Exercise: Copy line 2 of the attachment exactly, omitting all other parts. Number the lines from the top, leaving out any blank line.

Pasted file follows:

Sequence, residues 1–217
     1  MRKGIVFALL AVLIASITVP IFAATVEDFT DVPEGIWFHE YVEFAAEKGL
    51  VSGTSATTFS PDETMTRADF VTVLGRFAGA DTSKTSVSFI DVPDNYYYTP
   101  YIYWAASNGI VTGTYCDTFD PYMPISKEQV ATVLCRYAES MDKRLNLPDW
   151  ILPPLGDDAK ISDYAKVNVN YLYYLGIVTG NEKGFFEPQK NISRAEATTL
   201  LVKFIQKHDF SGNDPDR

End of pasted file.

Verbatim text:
     1  MRKGIVFALL AVLIASITVP IFAATVEDFT DVPEGIWFHE YVEFAAEKGL